If you have ever played sports (or hopefully read the introduction) you can understand the value of reviewing film with coaches and teammates- it keeps us honest about our performance. In 2014 Microsoft reached an agreement to add Surface Pro tablets to NFL sidelines providing instant video feedback/analysis to coaches and players (among other uses). At the time I was working with the Pittsburgh Steelers, on the sidelines for the debut of the tablet, responsible for distributing the tablet to players and coaches for review after each possession. No, I did not interact with Ben Roethlisberger aside from one particularly intimate moment when he overthrew a trash can and hit me with a piece of tape (I actually got a picture of this encounter, it’s at the end).

Think back to the last NFL game you watched. How many times did the camera pan to players huddled over a Surface Pro, watching clips from the last drive? It is a familiar scene but it’s important to acknowledge why they are glued to the screen. Critical feedback. Athletes at the highest level have trained themselves to receive feedback to the extent that it’s instinctual once they return to the sideline. Professional athletes are constantly seeking critical feedback, evaluating their performance and making improvements- this is how they continue to perform at a professional level. They accept criticism as the only means to improvement and more than just crave it, they seek it out. When you witness this scene in future NFL broadcasts it will hopefully serve as a reminder of the new definition of criticism.

If we recognize the importance of reviewing game tape, why don’t we do the same at work? If our objective is to be the professionals of our industry, why do we automatically become defensive and passive when presented with criticism? Work to redefine criticism as necessary to improving yourself to stay ahead of the competition, becoming the best version of yourself or reaching your potential. If you are competitive, view it as a challenge to improve. For those who are particularly bad at receiving it, expose yourself to more of it. The more feedback you are exposed to, the better you will become at managing the negative emotional reaction and translating that criticism into a lesson and improvement. Once you train yourself to accept that negative feedback leads to positive outcomes, you will begin to enjoy it and eventually crave it. You just need to be open to receiving it.

We need criticism. If we never hear criticism, we will never improve- it can be as simple as that. Athletes at the highest level have trained themselves to receive criticism due to the nature of their profession. We bear witness to their constant adaptation of critical job functions to win the next play or beat the next opponent. If they fail to receive criticism and make the intended improvements, they are replaced. Our industry could experience a similar need to adapt critical job functions to compete in the not-so-distant future. Would we survive in that competition, or, would we be replaced? Improvement starts with receiving criticism. Redefine it to manage the negative emotional reaction and expose yourself to more of it.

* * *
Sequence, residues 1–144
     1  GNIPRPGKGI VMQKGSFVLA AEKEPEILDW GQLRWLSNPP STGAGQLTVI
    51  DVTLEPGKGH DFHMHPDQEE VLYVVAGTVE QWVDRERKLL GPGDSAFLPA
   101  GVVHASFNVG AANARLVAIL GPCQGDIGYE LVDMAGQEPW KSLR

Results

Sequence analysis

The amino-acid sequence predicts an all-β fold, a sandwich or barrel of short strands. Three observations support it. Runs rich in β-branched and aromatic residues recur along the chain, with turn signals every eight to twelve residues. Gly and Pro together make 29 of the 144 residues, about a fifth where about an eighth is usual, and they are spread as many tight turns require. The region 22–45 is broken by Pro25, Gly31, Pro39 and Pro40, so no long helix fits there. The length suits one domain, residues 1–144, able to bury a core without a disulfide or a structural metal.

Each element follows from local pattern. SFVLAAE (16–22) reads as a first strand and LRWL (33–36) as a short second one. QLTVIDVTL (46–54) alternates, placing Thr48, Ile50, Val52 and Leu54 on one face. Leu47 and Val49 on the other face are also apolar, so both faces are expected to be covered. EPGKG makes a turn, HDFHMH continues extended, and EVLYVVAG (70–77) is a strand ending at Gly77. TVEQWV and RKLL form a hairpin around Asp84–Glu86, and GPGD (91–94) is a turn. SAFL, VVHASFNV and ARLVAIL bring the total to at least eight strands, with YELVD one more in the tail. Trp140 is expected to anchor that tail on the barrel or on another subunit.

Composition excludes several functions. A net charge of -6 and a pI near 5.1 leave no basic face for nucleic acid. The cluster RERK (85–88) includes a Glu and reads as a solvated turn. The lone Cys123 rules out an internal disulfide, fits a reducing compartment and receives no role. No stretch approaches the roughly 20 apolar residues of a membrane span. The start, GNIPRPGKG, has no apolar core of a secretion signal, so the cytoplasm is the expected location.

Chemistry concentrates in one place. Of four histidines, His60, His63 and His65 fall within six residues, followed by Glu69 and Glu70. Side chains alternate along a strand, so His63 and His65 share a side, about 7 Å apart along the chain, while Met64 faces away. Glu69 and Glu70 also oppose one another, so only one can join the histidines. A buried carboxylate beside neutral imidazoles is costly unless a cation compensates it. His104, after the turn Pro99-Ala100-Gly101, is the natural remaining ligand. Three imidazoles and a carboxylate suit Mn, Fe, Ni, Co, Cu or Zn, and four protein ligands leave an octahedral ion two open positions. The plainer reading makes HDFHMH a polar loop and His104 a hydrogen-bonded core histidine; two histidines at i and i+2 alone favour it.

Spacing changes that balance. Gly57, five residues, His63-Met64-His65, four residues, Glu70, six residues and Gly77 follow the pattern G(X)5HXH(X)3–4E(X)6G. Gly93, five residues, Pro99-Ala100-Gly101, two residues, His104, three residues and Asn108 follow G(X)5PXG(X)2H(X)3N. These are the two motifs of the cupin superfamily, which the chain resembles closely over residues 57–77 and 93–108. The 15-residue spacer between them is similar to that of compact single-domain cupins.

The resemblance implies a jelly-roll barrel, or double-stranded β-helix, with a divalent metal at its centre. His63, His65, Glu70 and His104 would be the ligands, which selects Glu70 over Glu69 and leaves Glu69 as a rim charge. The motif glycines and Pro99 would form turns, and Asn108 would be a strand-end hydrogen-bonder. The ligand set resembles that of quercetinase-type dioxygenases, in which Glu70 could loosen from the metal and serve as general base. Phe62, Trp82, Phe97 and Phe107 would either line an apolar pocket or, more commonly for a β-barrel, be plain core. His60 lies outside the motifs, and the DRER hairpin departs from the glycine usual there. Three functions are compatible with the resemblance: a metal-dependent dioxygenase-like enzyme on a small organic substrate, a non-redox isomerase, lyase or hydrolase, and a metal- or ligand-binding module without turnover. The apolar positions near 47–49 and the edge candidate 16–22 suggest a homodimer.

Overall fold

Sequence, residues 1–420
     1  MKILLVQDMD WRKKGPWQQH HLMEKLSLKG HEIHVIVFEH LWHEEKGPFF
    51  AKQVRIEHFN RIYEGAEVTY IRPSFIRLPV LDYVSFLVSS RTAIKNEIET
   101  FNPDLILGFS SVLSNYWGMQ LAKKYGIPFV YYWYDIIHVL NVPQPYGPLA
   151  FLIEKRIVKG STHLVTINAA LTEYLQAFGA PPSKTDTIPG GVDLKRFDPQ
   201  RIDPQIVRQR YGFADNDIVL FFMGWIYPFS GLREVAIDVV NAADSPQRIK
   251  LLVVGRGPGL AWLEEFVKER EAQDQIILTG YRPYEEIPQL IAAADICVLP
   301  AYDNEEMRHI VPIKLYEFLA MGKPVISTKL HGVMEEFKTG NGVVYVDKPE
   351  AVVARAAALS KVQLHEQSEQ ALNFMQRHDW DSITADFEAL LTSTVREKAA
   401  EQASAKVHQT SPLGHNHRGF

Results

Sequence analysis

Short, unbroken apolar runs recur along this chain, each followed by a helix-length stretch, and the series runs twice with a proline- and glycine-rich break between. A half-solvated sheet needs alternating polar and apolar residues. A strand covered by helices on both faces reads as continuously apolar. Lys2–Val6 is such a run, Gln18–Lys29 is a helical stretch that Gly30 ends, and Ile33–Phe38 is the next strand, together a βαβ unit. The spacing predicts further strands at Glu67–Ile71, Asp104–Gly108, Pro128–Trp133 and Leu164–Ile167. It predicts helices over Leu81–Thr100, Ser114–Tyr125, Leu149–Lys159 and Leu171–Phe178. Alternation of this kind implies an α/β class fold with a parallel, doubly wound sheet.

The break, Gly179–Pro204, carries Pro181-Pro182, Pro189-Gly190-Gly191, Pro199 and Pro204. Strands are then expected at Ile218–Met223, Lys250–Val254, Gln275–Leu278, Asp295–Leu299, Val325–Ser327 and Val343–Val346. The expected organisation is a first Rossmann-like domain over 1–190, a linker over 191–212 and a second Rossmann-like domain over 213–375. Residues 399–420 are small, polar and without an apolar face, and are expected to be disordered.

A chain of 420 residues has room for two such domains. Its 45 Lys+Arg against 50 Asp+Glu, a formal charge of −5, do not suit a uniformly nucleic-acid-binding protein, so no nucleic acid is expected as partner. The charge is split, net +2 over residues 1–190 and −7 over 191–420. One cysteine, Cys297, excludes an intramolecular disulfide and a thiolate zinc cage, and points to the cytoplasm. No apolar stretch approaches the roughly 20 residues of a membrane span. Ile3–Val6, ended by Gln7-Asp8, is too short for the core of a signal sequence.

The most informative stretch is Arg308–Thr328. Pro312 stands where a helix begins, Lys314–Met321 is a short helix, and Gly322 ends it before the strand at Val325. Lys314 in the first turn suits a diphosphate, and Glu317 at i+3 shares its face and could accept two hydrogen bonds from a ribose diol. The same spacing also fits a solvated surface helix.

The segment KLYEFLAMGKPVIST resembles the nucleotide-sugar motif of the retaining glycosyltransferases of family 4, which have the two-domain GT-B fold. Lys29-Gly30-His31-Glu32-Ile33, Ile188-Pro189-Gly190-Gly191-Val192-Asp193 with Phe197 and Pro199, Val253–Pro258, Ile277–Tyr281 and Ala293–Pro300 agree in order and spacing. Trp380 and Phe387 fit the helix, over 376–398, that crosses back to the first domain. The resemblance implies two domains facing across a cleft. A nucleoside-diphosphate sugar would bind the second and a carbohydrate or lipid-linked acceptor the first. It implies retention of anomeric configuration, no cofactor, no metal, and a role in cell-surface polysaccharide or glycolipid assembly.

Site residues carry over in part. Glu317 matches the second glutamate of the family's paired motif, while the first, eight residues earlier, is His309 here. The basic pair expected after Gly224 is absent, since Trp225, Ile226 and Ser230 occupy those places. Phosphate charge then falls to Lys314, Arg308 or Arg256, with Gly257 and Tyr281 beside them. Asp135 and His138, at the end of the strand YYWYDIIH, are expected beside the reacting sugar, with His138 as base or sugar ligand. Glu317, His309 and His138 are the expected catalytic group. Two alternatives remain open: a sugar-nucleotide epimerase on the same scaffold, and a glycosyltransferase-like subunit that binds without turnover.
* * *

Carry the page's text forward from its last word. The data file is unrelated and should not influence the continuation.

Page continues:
We aren’t getting criticism…

There are studies showing that when co-workers criticize us, we tend to avoid them. It is much easier to go straight to those who agree with us to receive reassurance. This is known as our support network. Organizational Psychologist Adam Grant has worked with organizations such as Google, the NBA and the U.S. Army on improving success at work. He suggests we take advantage of a different network, a challenge network. This network is the group of people who push us to get better by giving the feedback we don’t want to hear, but need to hear. This process of self-discovery leads to what is actually true, not what we believe to be true. The hard truths. When we become aware of how bad is the bad and how good is the good, we now have information we can work with.

Self-discovery starts with the challenge network. Try to find the smartest people in your life who disagree with you to understand their perspectives, the self-discovery of what is actually true. Begin to build your challenge network in the office, odds are you probably know the exact individuals. Leverage that challenge network into self-discovery. Make today the day you no longer avoid them but start to hear them. It is important to note that a challenge network is only beneficial if you are ready to listen and receive criticism.

We don’t know what to do with criticism…

A habit we can all develop is what psychologists call the second score. In this context, I like to think of it as your reaction score. When someone gives you feedback, they have already evaluated you- it’s out of your control. Instead, every time you receive feedback, rate yourself on how well you took the feedback- your second score or reaction score. Remind yourself that regardless of the content of the feedback, the major element to grade is whether you are open or defensive.